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Many times test automation is described as a time saver, more precisely, a saver of time spent on manual testing. Which is all true and good. Now our marketing team wanted to find out if we can use the knowledge of our people and make some educated guesses of how much it actually saves time. 

Well, we couldn’t. 

Man versus a machine, not actually even a battle in software testing

See, the case is much more complicated (which we should have known of course). We thought we could just make a survey and let all our test automation people answer how much time is test automation saving in their own projects. But no no. Our people weren’t fooled by this uneducated question. Most of the respondents in our survey just didn’t take it and refused to write down a number of the saved time. 

If you’re not a pro yourself, it’s totally justifiable for you to ask why is that so? Isn’t test automation’s main purpose to automate stuff, i.e. save time? Well, yes and no. 

Image Aaron Visuals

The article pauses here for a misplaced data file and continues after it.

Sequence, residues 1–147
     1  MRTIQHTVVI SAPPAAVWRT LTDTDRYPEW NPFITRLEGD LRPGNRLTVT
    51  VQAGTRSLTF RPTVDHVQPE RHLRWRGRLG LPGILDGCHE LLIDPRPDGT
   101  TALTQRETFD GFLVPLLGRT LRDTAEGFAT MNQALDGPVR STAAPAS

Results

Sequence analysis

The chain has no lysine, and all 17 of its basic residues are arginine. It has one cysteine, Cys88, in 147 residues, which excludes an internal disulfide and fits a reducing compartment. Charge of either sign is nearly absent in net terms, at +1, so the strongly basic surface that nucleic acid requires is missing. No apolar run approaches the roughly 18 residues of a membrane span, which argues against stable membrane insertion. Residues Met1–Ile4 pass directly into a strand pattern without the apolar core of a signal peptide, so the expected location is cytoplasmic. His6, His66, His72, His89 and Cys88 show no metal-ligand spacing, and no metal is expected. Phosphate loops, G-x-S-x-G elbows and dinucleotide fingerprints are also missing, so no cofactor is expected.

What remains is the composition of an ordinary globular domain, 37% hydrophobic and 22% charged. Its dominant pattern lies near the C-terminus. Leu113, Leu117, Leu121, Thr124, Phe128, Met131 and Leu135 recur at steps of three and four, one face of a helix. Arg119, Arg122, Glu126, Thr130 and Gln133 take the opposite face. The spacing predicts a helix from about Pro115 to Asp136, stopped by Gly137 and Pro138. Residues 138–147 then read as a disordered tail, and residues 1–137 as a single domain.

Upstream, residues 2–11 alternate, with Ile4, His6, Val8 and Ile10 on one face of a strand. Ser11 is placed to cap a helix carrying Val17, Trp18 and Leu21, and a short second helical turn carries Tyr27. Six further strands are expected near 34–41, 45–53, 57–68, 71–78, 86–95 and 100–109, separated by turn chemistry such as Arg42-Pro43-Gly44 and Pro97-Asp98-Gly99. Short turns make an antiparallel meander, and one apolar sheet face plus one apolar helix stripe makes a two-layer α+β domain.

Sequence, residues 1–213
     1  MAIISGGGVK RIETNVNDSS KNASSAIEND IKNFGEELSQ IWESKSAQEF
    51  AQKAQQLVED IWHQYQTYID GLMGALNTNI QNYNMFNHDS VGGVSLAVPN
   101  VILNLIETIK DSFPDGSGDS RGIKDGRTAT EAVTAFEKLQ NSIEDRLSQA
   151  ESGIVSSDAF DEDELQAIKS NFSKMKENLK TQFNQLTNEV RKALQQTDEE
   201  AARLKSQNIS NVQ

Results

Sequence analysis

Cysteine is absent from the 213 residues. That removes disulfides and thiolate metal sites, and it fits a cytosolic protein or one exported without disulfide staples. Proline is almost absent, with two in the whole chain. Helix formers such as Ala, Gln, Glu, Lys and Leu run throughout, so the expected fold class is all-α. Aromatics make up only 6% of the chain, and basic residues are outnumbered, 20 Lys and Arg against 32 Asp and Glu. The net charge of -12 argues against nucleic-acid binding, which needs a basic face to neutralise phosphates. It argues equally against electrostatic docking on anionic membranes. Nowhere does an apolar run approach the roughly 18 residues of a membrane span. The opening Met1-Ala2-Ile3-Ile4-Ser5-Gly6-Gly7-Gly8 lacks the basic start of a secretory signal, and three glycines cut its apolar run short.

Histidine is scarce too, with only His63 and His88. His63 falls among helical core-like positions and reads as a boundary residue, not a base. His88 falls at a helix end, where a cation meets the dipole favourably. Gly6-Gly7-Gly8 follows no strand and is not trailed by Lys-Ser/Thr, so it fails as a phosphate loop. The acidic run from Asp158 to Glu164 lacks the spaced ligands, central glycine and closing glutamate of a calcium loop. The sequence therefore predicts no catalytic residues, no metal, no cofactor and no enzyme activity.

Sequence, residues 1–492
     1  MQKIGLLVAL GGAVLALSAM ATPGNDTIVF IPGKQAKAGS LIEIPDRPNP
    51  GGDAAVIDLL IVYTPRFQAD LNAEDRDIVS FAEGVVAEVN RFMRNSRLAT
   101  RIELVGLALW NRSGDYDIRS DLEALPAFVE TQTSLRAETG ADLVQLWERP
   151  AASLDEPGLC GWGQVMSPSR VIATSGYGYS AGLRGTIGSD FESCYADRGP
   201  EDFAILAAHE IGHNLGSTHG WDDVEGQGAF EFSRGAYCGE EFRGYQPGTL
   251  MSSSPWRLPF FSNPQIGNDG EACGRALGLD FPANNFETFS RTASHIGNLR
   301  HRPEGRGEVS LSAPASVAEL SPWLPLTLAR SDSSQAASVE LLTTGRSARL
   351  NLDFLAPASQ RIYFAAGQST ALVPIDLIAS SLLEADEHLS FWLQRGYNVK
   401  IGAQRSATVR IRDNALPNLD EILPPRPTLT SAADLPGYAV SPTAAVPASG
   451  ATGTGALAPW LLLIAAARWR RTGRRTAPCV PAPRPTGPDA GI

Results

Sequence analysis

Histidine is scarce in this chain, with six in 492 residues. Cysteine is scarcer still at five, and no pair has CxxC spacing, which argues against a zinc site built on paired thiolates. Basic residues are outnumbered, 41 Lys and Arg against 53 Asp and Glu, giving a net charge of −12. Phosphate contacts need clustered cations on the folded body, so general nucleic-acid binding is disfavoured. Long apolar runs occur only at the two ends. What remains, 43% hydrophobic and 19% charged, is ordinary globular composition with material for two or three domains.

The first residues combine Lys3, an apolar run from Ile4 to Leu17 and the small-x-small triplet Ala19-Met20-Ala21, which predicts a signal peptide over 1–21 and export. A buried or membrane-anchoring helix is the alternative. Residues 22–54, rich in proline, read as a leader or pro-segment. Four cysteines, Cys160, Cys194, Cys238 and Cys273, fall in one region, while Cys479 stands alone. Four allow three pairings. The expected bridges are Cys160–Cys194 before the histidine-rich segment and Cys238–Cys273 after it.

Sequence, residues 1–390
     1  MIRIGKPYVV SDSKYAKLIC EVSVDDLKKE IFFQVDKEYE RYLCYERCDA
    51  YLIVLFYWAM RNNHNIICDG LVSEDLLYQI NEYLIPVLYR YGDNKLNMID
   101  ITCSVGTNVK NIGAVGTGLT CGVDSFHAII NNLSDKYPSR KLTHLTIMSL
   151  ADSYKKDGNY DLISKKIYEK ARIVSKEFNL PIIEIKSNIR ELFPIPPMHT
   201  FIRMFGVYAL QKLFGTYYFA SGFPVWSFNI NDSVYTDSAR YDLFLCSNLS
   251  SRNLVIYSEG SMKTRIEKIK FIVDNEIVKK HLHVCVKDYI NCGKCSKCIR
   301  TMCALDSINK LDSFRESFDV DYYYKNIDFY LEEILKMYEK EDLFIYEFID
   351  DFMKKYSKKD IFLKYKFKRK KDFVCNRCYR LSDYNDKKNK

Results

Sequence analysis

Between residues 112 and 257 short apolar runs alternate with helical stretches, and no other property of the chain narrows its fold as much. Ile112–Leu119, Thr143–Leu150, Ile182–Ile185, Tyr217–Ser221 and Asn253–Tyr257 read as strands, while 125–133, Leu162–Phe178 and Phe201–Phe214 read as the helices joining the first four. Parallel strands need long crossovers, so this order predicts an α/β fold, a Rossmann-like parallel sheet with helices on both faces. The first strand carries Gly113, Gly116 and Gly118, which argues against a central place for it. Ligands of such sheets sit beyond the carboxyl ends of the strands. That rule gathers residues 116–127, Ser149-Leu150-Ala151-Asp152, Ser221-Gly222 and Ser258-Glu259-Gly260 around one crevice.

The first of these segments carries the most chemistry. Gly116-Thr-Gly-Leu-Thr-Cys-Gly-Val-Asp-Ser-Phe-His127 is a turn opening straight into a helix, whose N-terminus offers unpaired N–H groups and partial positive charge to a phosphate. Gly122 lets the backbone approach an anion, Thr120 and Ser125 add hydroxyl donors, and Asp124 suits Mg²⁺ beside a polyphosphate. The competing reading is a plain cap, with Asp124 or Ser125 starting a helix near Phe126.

Test automation definitely saves time. But as our experts pointed out with a crystal clear red pencil, the main purpose of test automation is not just to save time but to do a whole lot more. Here’s a reply from one of our experts which summarises the point nicely: “Human work and automated checks can not be compared 1 to 1. If a manual tester would run the same tests as the automation, he would also be able to check other things from the application at the same time.” 

Naturally automation is time-saving by nature. If you wouldn’t automate a certain task, that task would be done manually (which is slower) or it wouldn’t be done at all (which is worse in general). 

The distinction between man-made-testing versus machine-made-testing is perhaps the key here. They are not the same. A machine can never (at least as of yet) function as well as a human in certain tasks, like exploratively testing a part of a software’s functionality. In other words, test automation can and probably will increase efficiency of testing but it’s work is not comparable with human testing. 


In terms of efficiency and quality, in an ideal world, there would be no such testing that a machine could not do. If a machine could test everything, it would be more efficient and more reliable than a human. But it can’t. And even if it could, a machine will never be able to explore and work creatively in a way that a human can. 

We should stop comparing automated and manual testing. Automated testing is a very important part of software quality assurance and so is exploratory testing. Both of these should be used and they shouldn’t compete with each other. There is no answer to be found to the question, “how much time test automation saves”. There is no answer because test automation is an apple and a human testing the same thing is an orange.